That said, I feel pretty comfortable embracing the mantras “read as much as possible” and “revise and revise.”

GI: Do you have any special charms, talismans, or souvenirs in your workspace? What and why?

MD: The items on my desk seem to be constantly evolving. Anything along the lines of a talisman that I have within reach without fail would typically take the form of a book. I tend to have some constants – poetry collections by Larry Levis, for instance – but the books lined up at the back of my desk often are just related to whatever I’m currently working on. Just now, there happen to be some books by Robert Hass, (Rainer Maria) Rilke, and Lia Purpura that I’ve recently dipped into, but there’s also a collection of interviews and writing about John Coltrane’s music leftover from an essay I wrote last spring.

I do always have images pinned about my desk that are linked to a current project – during my frequent lulls, when I’m stumped about how to move forward, or absolutely sure that I have no idea what the hell I’m doing, I’d much rather look at art and photographs connected to some subject I’m trying to tackle rather than the pulsing, taunting curser on my computer screen. And from that answer, you can see that I received an admonishing “No!” from that former teacher – So be it.

GI: Can you name a source you return to for ongoing or periodic creative inspiration?

MD: That’s an interesting question, and my answer might depend on what you mean by source. I find myself inevitably exhilarated and rebooted by certain texts – To the Lighthouse, for instance, or Shakespeare’s The Winter’s Tale – but I also find myself craving inspiration from other sources too. It’s as if I get to a point when the noise of daily life and the workweek finally crescendos, and I simply need a hike and a bout of silence.

The last time I was at a writer’s conference – an event loaded with panel discussions about how to generate and craft work – I found an excuse to head off on a pilgrimage in order to find some (Mark) Rothko paintings. Having a bit of time to sit in silence in front of some of his work turned out to be by far the most inspiring event of the conference.

GI: Does good writing result from best practices, magic, or both?

MD: I honestly don’t know what magic means in a context outside of best practice. I love reading stories of master magicians palming their cards over and over, practicing their slight-of-hand again and again, essentially running their scales as a means of conjuring the flawless “magic” that we end up witnessing as audience members. I do have essays and poems that, in the end, it would be difficult to explain how they came together, but for me any whiff of the inexplicable always comes down the path of hard-earned effort.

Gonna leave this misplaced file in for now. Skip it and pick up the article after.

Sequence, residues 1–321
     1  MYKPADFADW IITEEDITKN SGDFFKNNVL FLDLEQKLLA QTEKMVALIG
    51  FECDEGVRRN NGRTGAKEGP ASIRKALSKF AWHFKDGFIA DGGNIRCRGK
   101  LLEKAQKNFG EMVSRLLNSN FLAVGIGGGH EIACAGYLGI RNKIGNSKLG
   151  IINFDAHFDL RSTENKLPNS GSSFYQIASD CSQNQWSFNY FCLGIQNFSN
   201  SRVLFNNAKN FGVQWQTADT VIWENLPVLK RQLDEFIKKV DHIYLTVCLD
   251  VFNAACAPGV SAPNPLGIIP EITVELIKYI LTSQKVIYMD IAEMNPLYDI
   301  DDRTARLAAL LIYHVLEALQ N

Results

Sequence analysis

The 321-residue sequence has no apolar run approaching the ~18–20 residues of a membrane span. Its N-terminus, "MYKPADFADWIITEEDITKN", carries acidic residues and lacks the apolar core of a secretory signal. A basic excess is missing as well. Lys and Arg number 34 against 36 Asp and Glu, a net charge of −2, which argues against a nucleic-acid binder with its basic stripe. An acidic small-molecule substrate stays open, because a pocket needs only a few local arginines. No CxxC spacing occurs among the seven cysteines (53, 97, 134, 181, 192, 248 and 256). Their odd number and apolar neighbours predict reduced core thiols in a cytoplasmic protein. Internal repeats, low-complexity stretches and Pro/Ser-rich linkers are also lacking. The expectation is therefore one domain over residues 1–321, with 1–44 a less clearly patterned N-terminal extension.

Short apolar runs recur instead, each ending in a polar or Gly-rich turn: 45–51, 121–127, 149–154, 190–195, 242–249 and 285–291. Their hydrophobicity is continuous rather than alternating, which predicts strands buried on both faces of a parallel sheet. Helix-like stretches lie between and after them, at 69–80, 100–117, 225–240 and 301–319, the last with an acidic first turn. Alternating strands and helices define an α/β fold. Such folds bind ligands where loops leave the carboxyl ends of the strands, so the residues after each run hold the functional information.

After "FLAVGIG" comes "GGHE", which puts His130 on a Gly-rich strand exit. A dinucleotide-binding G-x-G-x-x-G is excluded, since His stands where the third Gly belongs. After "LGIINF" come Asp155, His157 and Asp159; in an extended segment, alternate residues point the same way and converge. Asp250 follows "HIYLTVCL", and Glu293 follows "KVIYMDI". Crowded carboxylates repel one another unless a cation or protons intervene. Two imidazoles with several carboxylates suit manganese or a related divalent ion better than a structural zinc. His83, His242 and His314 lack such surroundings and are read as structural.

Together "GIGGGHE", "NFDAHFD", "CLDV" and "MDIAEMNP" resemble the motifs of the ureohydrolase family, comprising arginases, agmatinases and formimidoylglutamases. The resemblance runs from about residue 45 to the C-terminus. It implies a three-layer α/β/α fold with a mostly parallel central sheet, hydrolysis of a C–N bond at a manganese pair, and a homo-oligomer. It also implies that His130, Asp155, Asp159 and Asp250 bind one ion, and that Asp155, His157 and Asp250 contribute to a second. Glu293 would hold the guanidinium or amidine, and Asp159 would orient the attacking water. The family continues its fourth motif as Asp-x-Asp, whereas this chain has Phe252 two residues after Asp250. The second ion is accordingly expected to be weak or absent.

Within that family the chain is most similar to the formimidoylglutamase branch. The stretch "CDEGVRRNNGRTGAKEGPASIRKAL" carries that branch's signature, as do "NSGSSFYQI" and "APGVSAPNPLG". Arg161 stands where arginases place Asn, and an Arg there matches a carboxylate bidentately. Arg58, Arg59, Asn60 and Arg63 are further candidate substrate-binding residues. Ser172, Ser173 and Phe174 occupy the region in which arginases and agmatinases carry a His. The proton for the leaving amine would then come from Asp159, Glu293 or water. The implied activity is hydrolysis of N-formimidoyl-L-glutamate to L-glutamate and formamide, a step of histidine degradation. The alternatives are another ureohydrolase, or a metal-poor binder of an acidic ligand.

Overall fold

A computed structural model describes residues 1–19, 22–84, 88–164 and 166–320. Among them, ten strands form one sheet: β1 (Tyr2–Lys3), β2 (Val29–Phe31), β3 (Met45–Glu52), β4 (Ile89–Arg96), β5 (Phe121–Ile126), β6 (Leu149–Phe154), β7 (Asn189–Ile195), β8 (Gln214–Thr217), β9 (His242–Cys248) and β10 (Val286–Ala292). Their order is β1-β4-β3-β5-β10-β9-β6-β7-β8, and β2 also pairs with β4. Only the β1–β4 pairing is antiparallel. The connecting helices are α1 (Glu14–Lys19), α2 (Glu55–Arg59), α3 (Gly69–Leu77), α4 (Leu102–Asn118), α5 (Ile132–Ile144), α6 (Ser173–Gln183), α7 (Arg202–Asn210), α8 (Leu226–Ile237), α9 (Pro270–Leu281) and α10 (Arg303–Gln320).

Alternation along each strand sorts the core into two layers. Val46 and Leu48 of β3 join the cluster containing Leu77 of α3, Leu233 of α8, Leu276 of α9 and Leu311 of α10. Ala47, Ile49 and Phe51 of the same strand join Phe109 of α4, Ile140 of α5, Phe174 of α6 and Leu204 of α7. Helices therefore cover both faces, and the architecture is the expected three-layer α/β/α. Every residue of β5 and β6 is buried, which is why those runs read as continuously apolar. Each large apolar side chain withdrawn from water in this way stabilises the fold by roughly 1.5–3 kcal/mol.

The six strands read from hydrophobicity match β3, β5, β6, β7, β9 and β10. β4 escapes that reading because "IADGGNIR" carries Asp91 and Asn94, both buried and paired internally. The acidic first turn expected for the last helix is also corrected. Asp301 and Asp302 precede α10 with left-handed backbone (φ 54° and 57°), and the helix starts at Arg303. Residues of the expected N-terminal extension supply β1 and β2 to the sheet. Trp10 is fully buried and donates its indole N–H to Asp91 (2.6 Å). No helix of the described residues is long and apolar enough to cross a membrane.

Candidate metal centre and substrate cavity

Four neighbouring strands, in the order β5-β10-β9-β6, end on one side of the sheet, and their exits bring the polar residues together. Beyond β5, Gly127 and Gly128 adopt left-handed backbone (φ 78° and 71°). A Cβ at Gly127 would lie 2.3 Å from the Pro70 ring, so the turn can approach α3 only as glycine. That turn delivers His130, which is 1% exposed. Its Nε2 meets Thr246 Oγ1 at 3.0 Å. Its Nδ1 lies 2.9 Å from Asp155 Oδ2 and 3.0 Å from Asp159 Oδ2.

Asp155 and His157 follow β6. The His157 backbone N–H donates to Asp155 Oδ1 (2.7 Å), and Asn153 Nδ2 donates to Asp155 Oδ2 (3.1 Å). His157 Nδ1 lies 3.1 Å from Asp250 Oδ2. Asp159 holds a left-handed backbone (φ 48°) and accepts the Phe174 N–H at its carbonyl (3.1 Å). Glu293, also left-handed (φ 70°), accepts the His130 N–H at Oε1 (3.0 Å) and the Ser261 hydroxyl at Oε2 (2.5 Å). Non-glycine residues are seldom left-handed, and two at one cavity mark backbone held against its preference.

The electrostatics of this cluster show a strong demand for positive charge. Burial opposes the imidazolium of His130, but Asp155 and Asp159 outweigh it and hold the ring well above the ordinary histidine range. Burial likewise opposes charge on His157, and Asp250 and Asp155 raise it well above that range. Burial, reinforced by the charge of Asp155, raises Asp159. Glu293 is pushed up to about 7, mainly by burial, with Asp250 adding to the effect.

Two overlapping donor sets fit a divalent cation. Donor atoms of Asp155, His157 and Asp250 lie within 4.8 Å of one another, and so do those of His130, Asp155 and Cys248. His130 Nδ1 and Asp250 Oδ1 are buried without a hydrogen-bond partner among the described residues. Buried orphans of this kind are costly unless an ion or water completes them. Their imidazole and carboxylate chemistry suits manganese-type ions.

GI: What is your next project?

MD: I have a number of individual essays that I’ve been working on, but, pretty unexpectedly, I’ve found myself working collaboratively on a chamber opera project. The piece is centered on Sarah Winchester, the heiress to the Winchester rifle fortune who built a labyrinthine house as a means of escaping the spirits of those killed by her family’s guns. There’s something inherently fascinating about the story itself, but more than anything else I was drawn to the subject because of the metaphoric resonance.

In Winchester, I saw a window into America’s relationship with guns. Here’s someone who is authentically disturbed by the prevalence of gun violence, but her response to her empathy and complicity is to build a maze-like home from which there is no escape. That sounds a lot like contemporary America to me. In the libretto that I wrote for the work, I’m also not shying away from the fact that her home has now become a tourist trap destination, complete with Friday the 13th flashlight tours. As a country, we have a knack, I think, for turning elegy into kitsch. I’m tremendously excited about the project, and it’s both a thrill and a creative challenge to be working in a new medium.

 

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Top image: Author Matt Donovan’s desk, photographed for Gemini Ink’s “The Writer’s Desk.”  Photo courtesy of Matt Donovan.